5 Tips for Talking to Your Kids about Opioid Misuse

Approximately 2 million people in the United States misuse opioids. The opioid epidemic affects people from nearly every background, income status and age group, including kids and teens. Armed with knowledge and awareness, kids and teens will be better prepared for knowing how to protect themselves and others from misuse and addiction.

“I never thought that opioids would steal my daughter,” Dani Tillman, Brittany’s mom and Executive Director at Ridge House. “I never thought that she’d call me asking for help.”
Watch her story here.

As a parent, you’re a powerful force in guiding your child. Although opioid misuse may be a scary topic, it’s essential to talk with your child in an open, honest and supportive way. Here are a few tips on how to start this potentially life-saving conversation.


  1. First, educate yourself on opioid misuse.
    What are opioids? How are they misused? How do they affect us? Making sure you’re in the know before talking with your child can help you feel more confident and comfortable. This Behavioral Health NV blog “Opioids: What Are They And How Do They Affect Us?” is a great resource for more information.
  2. Start talking to your child as early as possible. (And, remember, it’s also never too late.)
    Children quickly absorb information and learn from what they see and hear. Start talking with your child at an early age, whenever they can understand medications and what they should be used for. Having the conversation earlier makes it easier to continue the conversation as they age.

    And, if you haven’t talked to your child or teen yet, please know that it’s never too late to start, no matter their age.

  3. Talk about the risks of opioid misuse.
    Talking with your child about such an important topic is difficult and it can be easy for the discussion to start to feel like a lecture. However, using factual information on the risks of misuse is a good way to keep the conversation open and honest.
    1. It doesn’t take long or very much to become addicted.
      Opioids are incredibly addictive, and when misused, a psychological addiction can occur within a few days. A physical dependence can develop within a matter of weeks.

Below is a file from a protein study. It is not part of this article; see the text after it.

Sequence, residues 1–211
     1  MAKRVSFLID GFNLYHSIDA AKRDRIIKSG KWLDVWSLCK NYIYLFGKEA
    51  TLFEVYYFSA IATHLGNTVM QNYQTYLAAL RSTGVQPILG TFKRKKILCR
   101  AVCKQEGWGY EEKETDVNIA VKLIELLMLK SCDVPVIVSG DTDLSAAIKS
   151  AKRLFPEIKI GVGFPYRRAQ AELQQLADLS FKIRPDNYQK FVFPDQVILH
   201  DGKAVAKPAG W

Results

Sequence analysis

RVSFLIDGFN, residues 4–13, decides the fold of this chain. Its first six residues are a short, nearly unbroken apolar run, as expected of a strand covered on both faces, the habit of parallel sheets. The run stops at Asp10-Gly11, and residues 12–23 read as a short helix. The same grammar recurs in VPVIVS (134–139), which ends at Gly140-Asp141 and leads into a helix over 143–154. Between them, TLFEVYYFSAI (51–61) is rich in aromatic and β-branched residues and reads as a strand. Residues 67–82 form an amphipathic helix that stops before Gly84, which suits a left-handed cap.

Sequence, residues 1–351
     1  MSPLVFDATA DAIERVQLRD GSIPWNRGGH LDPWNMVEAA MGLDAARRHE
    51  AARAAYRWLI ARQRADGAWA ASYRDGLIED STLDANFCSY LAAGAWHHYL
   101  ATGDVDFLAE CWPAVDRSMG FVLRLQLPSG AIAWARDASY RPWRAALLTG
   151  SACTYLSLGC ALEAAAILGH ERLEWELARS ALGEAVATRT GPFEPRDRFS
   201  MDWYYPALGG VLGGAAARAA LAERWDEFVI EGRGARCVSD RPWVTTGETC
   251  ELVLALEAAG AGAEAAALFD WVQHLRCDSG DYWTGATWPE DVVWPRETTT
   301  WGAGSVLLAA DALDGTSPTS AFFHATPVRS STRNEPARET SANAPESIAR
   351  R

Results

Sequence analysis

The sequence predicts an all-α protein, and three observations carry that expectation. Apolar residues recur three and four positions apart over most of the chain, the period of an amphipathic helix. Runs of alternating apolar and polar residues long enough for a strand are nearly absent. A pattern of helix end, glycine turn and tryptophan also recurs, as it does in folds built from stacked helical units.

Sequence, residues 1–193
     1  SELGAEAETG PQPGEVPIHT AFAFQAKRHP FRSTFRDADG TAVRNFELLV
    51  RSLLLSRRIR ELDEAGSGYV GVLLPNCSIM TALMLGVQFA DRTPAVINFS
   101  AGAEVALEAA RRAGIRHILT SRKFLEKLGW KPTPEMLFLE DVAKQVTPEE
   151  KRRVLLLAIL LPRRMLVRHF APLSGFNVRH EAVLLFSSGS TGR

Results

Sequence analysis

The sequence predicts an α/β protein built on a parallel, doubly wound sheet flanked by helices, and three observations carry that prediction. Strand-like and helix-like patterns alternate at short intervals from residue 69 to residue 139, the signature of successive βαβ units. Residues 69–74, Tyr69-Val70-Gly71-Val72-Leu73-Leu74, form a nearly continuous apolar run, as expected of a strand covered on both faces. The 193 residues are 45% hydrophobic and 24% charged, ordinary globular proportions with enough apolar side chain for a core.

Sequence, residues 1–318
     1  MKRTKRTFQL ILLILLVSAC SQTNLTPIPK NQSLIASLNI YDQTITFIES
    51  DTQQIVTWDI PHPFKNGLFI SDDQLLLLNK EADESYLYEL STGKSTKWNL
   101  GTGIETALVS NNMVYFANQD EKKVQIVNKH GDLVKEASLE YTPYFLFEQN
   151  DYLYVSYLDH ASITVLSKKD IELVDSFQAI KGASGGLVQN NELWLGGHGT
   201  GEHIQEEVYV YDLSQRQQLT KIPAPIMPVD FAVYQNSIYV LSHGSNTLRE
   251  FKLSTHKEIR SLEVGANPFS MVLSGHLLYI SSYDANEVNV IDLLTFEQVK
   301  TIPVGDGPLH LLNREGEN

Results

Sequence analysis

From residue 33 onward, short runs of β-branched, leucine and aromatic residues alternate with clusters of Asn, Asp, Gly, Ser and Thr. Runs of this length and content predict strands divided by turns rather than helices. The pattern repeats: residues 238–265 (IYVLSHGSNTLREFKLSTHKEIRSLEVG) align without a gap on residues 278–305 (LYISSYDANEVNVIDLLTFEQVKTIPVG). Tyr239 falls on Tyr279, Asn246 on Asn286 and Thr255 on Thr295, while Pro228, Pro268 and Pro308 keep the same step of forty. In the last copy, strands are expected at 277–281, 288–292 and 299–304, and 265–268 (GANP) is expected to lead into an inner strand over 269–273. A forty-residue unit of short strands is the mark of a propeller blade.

1. Opioid misuse can cause harmful health effects and even death.
      When opioids are misused, they can have harmful health effects such as, slowed breathing, confusion, constipation and nausea. Slowed breathing decreases the amount of oxygen delivered to the brain and vital organs, which can cause death.
    1. The risk of overdose and death increases if you combine opioids with alcohol or other medications.
    1. The side effects of opioid withdrawal can be severe.
      People addicted to opioids who stop using them can experience side effects such as cold flashes, severe cravings, muscle and bone pain, sleep issues, sweating, blurred vision, vomiting and diarrhea, and others.

Read more about the risks on drugabuse.gov.


  1. Got the conversation started? Great. Now, keep it going.
    If you’ve talked with your child about opioid misuse and the risks, congratulations! You’re on the right track. Now, keep the conversation going by talking regularly and reinforcing what’s safe and what’s not. Plus, having regular talks allows your child opportunities to ask questions and feel heard.

    Life gets busy and it’s not easy having multiple conversations, but it’s important to keep talking with your child as they grow. They’re facing new challenges all the time, so your guidance is important.

  2. Create an exit plan together.

Helping your child or teen know how to deal with peer pressure and effectively steer clear of challenging situations is a key strategy. If your child or teen is offered prescription drugs by a friend, suggest they text a code word to you or a family member as a good way to signify they need help.

Helping them come up with an “exit plan” will help them be prepared and safe.

Further Reading and Resources: